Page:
“C'' Company, led by Captain J. Goff, rushed forward up the slope, followed closely by '' A '' company under Captain G. E. Hewett. The enemy's fire was fierce and deadly, and officers and men went down at every step. The survivors plunged on through the mud, reached the German wire entanglements and struggled through such gaps as they could find. The leading party was headed by 2/Lieut. A. HoIland (B), closely followed by Sergt. R. Drinkall, Sergt. A. E. Ince and W. Mansell. They broke through the wire and stormed the hostile parapet. A few minutes fierce fighting sufficed to clear a short length of trench. Then the subaltern rallied his party under cover in the trench and prepared to make good the ground gained. He had with him no more than 40 N.C.O's and men. Lieutenant C. G. Martin of the Royal Engineers had reached the trench and directed the work of consolidation. Another Worcestershire subaltern, 2/ILieut. W. H. Clarke, was dragged into the trench, mortally wounded, only to die shortly afterwards.

Further to the right another small party had succeeded in breaking through the German lines and seizing a group of ruined houses. That was the total success. The rest of the two attacking companies of the 3rd Worcestershire had been shot down, and were lying killed or wounded on the broken mud between the trench-lines. The other two companies of the Battalion had been

ordered not to move from the assembly trenches. On the left the attack of the 3rd Wiltshire had failed as signally : not a man had reached the German lines.

Soon the enemy began to press inwards along the trenches with bomb and bayonet against the two little parties which had penetrated their position. Isolated though they were, the Worcestershire lads held firm and repulsed all attacks for over three hours. But no help came : instead the British artillery, misinformed as to the position, commenced again to bombard the German

front line, and annihilated the hapless party in the ruined buildings.

If 2/Lieut. Holland's party was to avoid a similar fate it was urgently necessary that news of their position should be sent back : and it was not possible to establish signal communication.

Corpl. W. Mansell volunteered to take back a message, and boldly worked his way across the open from trench to trench. He was fired on all the way and was hit three times ; but he persisted in the attempt , reached safety and made his report. Then, after having his three wounds dressed, he bravely returned again to the battle, worked his way again across the open to the captured trench and resumed his place in the defence © .

The defence was maintained until dusk. Lieutenant C. G. Martin R.E. showed great bravery (d) , and Sergeants Ince and Drinkall were conspicuous for ability and determination, grimly holding an improvised sandbag block under a continuous fire of bombs (a) . Outside the trench efforts were made to rescue the wounded. Two of the Battalion stretcher-bearers, Corpl. B. Whittington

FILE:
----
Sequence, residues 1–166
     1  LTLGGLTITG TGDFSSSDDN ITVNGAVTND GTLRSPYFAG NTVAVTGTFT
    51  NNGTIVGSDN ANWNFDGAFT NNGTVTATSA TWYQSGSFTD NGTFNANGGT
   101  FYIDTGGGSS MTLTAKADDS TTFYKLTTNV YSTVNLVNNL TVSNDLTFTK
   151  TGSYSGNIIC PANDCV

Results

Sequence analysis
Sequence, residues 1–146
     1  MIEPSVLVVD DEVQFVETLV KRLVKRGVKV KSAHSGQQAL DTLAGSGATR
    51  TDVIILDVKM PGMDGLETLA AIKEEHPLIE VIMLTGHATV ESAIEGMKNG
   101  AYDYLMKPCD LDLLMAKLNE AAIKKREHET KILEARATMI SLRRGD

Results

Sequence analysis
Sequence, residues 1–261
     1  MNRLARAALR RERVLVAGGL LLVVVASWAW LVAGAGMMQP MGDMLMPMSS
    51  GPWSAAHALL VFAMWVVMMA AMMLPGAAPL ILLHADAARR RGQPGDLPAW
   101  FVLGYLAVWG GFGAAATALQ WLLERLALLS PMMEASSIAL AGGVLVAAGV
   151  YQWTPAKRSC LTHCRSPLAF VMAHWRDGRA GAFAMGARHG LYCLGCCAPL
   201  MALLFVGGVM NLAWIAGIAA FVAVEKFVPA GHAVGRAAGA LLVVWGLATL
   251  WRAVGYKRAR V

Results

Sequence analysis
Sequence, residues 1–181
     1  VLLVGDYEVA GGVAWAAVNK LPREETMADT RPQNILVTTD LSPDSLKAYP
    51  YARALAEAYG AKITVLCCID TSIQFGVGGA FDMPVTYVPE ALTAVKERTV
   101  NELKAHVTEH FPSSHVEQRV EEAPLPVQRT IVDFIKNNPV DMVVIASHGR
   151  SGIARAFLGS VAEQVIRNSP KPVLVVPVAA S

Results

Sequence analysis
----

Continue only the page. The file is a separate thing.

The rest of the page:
and Pte. W. Suffolk crawled forward across the open under heavy fire and brought back stricken men from the German wire entanglements (f).

Darkness closed down, and a report on the situation was carried back by Sergeant Ince and Private .I. C. Wooton, who returned to Lieut. Martin bearing orders to evacuate the captured trench. The General had decided to accept the failure rather than uselessly to sacrifice more lives. The little party under Lieuts. Martin and Holland made their way back. Game to the last, they sent back all their wounded (a) before they finally withdrew.

The losses in that disastrous attack were severe. The two attacking companies were almost annihilated. The casualties of the Battalion were nearly 180, including nine officers killed (B).

After the return of 2/Lieut. Holland's party, the companies of the 3rd Worcestershire made their way back to billets behind Locre. There the Battalion rested and reorganised for three days.

On March 16th the 3rd Worcestershire again moved forward and once more took over the same trenches. Many of the dead still lay there awaiting burial, and that sad duty was the principal occupation of three depressing days. Firing on both sides had died down, and there was little activity to record © .

(a) During February this Brigade had replaced the 9th Brigade in the 3rd Division.

(B) Dorsetshire Regiment, attached .

© Capt. Mansell was awarded a bar to his D.C.M.

(d) Lt. Martin, R.E., was awarded the V.C.

(e) Sergts. Ince and Drinkall were awarded the D.C.M.

(f) Corpl. Whittington and Pte. Suffolk were awarded the D .C.M.

(a) The work of removing the wounded was carried out by Sergt. Ince, who personally rescued several men.

(B) Killed : Nine officers -Captain G. E. Hewett, It. C. G. D. Loos, 2/Lts. C. F. Moore, W.H. Clarke, F. B. Burr, T. Freeman, E. M. Mansell-Pleydell (Dorsets, attached) , M. J. Murphy, W. B. Barling, and 38 other ranks.

Wounded, 99. Missing 32.

© Casualties, 16th - 19th March, 1 killed.

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  • 3 years later...
Guest lee johnson

John W,

Did you get a copy of the War Diary for the period you were after, if not I may have it on my computer and could send it on,

Let me know.

Lee

leejohnson1@talktalk.net